Find resources to help you when you're moving.

Avoid Moving Fraud

While most moving companies are reputable businesses that do quality work, there are some that attempt to take advantage of clients through fraudulent practices. Follow these guidelines to protect yourself against moving fraud:

  • Get a written estimate from several movers. Some companies quote a low price to get a contract—and later ask for more money before they remove your belongings from their truck.
  • Make sure the mover has insurance and is licensed by the proper authority.
  • Check the mover's record. You can find out the mover's complaint history with local consumer advocacy organizations, such as the Better Business Bureau.

File a Complaint

  • If you have a dispute with a moving company, you should file a complaint with the Federal Motor Carrier Safety Administration (FMCSA). Note: Moving company complaints handled by the FMCSA must cross state lines, but can be reported at any time.
  • If you have a complaint involving an intrastate move (a move within the boundaries of a state), contact your state or local regulatory authority.

Help and Resources

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Change Your Address

Are you moving? Report your change of address to continue receiving mail and government benefits.

Change Your Address with the Postal Service

  • Go to to change your address online. This is the preferred method for speed and convenience, and you immediately get an e-mail confirmation of the change.
  • Go to your local post office and request a Movers Guide.

You can also ask the USPS to temporarily change your address or hold your mail.

Change Your Address with Other Government Agencies

Other federal and state agencies to contact when changing your address include:

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Landlord and Tenant Disputes

If you are someone who pays to rent a home or an apartment (a tenant), you may at some point have a dispute with the person who owns the building or management company that represents the owner (the landlord).  Often disputes are about the conditions of the building, essential services, rent increases, or your right to stay.  It is best to come to an agreement directly with the landlord or manager.  Make sure that you get everything in writing. If a landlord and tenant cannot come to an agreement, a tenant might turn to outside help.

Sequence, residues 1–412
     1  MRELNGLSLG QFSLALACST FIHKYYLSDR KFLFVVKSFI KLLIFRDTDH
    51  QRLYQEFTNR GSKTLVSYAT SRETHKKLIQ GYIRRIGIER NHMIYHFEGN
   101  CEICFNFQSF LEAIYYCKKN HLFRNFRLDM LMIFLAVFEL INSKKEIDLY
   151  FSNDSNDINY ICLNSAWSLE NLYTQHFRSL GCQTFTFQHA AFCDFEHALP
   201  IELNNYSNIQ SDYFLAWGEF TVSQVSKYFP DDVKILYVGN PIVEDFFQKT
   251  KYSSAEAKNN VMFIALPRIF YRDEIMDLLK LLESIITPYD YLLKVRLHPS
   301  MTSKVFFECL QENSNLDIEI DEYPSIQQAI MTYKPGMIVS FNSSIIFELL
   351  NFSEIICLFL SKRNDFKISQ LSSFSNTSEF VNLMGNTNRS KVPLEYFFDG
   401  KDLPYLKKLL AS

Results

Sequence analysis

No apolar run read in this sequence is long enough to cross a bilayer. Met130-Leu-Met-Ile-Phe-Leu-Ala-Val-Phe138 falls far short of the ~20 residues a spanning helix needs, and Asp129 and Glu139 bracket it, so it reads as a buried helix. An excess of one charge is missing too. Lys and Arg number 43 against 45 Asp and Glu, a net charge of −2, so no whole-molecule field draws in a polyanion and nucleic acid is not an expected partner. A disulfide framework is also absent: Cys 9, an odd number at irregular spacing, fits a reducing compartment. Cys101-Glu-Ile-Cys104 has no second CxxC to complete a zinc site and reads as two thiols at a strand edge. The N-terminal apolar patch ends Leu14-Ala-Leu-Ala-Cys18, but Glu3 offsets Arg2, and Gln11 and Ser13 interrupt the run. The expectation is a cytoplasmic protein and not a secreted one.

Getting Help for a Dispute with a Landlord

Laws about the rights of tenants and landlords are almost always handled at the state level.  Find help from your state in a directory of state-level agencies and resources of interest to tenants. Results differ for each state, but you may find:

  • State agencies that address tenant rights.
  • Agencies that handle complaints.
  • Resources for legal assistance.

You may eventually decide that you need help from a lawyer. People with very low-income might qualify for free legal aid from a non-profit organization.

Complaints about housing discrimination or landlords who receive assistance from the federal government should be directed to the U.S. Department of Housing and Urban Development.

Before There's a Problem

Of course, it's best to avoid a dispute in the first place if possible.

  • Understand your lease completely.
  • Keep all correspondence between you and your landlord.
  • Communicate problems early on and in writing, noting date and time of phone calls. 
  • Keep proof of rent and deposits paid.
  • Know the landlord-tenant laws in your state.

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Utility Services

When moving into a house or an apartment, you may have to pay for utility services like gas, electricity or water. You can apply for these services on the phone, online, or in person. 

Starting Utility Services

Your city or county government may handle some utility services like water, sewage, and garbage collection. In many states, you can choose your telephone and energy service providers. Contact your state utility commission for a list of service providers and advice on making a choice.

  • Letter of guarantee: If you are a new utility customer or have a poor payment history, the utility company may require you to pay a deposit or get a letter from someone who agrees to pay your bill if you don’t. 

Switching Utility Providers

Your state's public utilities company may allow you to "unbundle" your electric (or gas) service, so you can purchase the utilities from one company and the delivery of them from another. For more information on switching utility providers, contact your state's public utilities commission.


Once you have established service, you should start receiving your bills at regular intervals, usually monthly or quarterly. Utility bills are based on the amount of energy or water you actually use. However, if you live in an apartment complex, the amount you pay for some utilities may be prorated or split. Contact the service provider if you see charges you do not understand or didn't authorize on your bill.

To Lower Your Utility Costs:

File a Complaint

If your utility company fails to meet its service requirements, you should first file a complaint with the company. If that does not work, contact your state's utility commission.

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